Nevertheless, the data demonstrate a number of interesting trends. Most notable are the huge declines in carpooling and large increases in biking noted over the largest cities. As the chart below shows, over the past nine years, carpooling’s mode share decreased on average by 25.9% and biking’s share increased by 58.5% (note that these are percent changes, not point changes, which are documented in a chart at the bottom of this article). The declines in carpooling were matched with a slight uptick in single-person driving, a 1.5% increase, and a decrease in transit share of 6.4%. These mode shares are not the same as total modal use; it is possible for transit ridership to increase even as modal share goes down (for instance, if city population increases), and vice-verse.

% Change in Mode Share, 2000-2009, Averaged Across America’s Biggest Cities
 Total AutoTotal Non-AutoDriving AloneCarpoolingTransitBikingWalking
All Cities-3.4-2.01.5-25.9-6.458.51.8
Cities with no rail-1.4-6.32.9-23.9-8.040.3-2.7
Cities with rail, but no major new rail investment-
Cities with major new rail investments-
Non-Texas Cities with major new rail investments-5.95.4-0.1-

Overall, the percentage of people commuting by automobile declined by 3.4%, and the mode share of those using non-automobile modes decreased by 2.0%. It was possible for both to decline because of an increase in people not traveling to work at all but telecommuting.

Though these numbers show little change in use for automobile and transit overall, they do provide some clue as to the effects of rail investments. When comparing cities that have no rail lines with those that have existing lines or have invested in new ones, a correlation between rail and transit use is apparent. Cities with no rail saw far smaller declines in automobile mode shares than their rail counterparts; they also saw declining non-automobile mode shares, compared to increases in the rail cities. These differences were especially considerable when considering rail cities outside of Texas; excluding them, transit saw no mode share change, whereas single-person commuting by car decreased (albeit by a minuscule amount).

This may indicate that rail lines can play an important role in encouraging the population to try modes other than the automobile. The non-automobile mode share, which includes transit, biking, and walking, is particularly interesting from this perspective because it may reflect the number of people choosing to live in areas where it is acceptable to use transportation other than the private car. Is this conclusive evidence that rail works better than bus service to encourage people out of their cars? Not necessarily, but it’s certainly a part of the overall equation.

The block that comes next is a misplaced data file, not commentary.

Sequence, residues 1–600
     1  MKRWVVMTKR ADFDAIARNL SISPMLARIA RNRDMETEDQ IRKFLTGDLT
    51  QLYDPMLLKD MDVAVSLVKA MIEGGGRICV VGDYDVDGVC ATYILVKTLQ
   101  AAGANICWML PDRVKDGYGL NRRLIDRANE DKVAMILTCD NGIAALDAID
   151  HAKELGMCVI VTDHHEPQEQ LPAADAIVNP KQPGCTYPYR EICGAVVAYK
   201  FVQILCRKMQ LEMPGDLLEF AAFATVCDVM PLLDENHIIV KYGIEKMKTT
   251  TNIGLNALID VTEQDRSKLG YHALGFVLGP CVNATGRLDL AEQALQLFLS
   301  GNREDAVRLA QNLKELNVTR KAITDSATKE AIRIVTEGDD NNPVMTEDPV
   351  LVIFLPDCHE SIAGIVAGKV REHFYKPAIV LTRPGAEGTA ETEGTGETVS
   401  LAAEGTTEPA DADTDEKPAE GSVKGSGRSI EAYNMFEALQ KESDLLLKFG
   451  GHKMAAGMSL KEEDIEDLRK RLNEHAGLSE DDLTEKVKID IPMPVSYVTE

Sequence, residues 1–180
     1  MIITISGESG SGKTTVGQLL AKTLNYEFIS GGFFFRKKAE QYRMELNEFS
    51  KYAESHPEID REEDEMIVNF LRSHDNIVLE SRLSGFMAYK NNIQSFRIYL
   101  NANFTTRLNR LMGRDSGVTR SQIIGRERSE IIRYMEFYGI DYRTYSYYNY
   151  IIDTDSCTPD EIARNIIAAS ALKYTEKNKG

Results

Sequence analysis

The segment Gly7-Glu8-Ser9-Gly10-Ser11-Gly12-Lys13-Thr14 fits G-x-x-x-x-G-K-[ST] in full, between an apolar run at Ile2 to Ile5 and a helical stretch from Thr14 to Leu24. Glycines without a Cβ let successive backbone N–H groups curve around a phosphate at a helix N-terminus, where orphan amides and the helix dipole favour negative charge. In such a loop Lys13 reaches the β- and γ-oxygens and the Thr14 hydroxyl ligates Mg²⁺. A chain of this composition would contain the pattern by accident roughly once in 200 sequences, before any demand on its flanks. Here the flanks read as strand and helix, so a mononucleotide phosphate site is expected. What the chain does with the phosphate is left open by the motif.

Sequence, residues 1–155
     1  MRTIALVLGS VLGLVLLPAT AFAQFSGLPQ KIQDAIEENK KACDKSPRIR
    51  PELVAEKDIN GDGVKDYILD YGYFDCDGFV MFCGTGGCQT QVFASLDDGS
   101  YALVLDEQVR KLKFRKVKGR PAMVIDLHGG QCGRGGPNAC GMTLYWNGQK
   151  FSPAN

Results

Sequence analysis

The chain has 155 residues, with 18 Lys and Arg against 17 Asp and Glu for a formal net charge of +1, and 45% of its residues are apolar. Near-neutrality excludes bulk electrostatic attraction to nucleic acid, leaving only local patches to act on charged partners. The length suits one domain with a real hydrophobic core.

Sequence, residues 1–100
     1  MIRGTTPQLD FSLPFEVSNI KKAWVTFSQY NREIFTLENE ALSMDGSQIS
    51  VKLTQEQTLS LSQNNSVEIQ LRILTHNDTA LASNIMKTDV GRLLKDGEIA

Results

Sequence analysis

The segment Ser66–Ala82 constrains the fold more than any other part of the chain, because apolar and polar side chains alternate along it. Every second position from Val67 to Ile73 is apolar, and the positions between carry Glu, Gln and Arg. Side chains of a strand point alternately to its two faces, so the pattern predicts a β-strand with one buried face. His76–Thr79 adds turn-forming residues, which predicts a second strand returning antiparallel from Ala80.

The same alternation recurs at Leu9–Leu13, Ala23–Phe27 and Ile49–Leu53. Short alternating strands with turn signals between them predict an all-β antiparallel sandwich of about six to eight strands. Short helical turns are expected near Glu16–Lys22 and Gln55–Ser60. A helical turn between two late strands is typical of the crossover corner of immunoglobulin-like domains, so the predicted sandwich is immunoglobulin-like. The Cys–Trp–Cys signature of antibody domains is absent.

Looking city-by-city, modal share changes reflect some overall trends. Automobile usage continues to decrease in the nation’s older, densely developed cities: The places recording the largest declines in overall car share were, in order, Washington, New York, Boston, San Francisco, Seattle, Portland, and Chicago. Those with the largest declines in non-automobile share were largely sprawling cities, including, in order, Columbus, Houston, Dallas, Fort Worth, Las Vegas, and Nashville.

% Change in Mode Share, 2000-2009 in America’s Biggest Cities
 Total AutoTotal Non-AutoDriving aloneCarpoolingTransitBikingWalking
El Paso-2.414.44.3-35.02.547.826.5
Fort Worth-1.5-16.44.7-29.91.5-18.2-31.5
Las Vegas-0.1-13.75.5-27.5-28.5-10.718.7
Los Angeles-
New York-12.63.3-5.6-
San Antonio-0.6-9.94.2-24.6-12.0-11.7-6.2
San Diego-1.5-13.23.5-31.4-12.414.6-19.6
San Francisco-9.66.2-3.9-
San Jose-2.1-2.10.0-13.3-21.343.132.8

The places recording the largest increases in transit modal share were Nashville, Washington, Austin, Seattle, Los Angeles, Charlotte, and Boston. All but Austin, Boston, and Nashville have spent hundreds of millions of dollars investing in expanded rail transit systems; Boston already has a large one. Portland, unsurprisingly because of its municipal investment decisions, had the largest modal increase in bike usage, but other cities less known for biking like Baltimore, Detroit, Philadelphia, and Chicago also saw significant increases as well.

How can we explain the significant public transportation mode share declines in Houston and Dallas, two cities that invested considerably in their respective rail transit systems? Both saw increases in ridership of their transit systems between 2000 and 2008: Houston saw a 1.05% increase, Dallas a 11.7% jump. Those increases, however, were entirely lost by 2010, which has been a terrible year for transit in the two cities. At the same time, their city populations increased by 15.7% and 9.3%, respectively; transit improvements couldn’t keep up. This may be because of poor choices in public transportation investments or de-densification in the urban cores of these cities (or annexation, spreading the population out), but either way these are not model cities for transit investments.